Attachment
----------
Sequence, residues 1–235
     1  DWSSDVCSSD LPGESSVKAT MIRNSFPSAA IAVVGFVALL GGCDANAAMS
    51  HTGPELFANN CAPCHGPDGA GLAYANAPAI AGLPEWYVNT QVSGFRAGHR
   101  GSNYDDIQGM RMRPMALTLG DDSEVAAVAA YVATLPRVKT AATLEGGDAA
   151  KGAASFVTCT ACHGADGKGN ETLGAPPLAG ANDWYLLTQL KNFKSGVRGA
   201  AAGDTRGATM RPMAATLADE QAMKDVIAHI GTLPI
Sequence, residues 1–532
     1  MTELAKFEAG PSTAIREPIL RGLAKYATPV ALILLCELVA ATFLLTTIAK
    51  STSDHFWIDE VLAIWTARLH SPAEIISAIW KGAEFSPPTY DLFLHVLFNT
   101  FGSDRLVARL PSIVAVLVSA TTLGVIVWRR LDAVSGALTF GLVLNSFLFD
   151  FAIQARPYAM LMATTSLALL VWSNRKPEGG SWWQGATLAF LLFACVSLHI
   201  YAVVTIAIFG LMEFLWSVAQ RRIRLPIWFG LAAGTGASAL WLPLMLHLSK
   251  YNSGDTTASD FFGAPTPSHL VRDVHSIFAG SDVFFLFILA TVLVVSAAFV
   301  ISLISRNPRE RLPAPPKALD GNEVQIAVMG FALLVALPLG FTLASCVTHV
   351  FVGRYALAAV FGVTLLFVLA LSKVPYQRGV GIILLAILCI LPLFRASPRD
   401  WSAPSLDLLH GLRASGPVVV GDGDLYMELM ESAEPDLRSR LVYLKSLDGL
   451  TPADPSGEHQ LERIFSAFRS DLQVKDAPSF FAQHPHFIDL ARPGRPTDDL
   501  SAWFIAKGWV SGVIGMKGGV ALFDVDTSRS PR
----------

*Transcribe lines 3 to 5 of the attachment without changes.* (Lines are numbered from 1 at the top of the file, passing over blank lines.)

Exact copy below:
    51  HTGPELFANN CAPCHGPDGA GLAYANAPAI AGLPEWYVNT QVSGFRAGHR
   101  GSNYDDIQGM RMRPMALTLG DDSEVAAVAA YVATLPRVKT AATLEGGDAA
   151  KGAASFVTCT ACHGADGKGN ETLGAPPLAG ANDWYLLTQL KNFKSGVRGA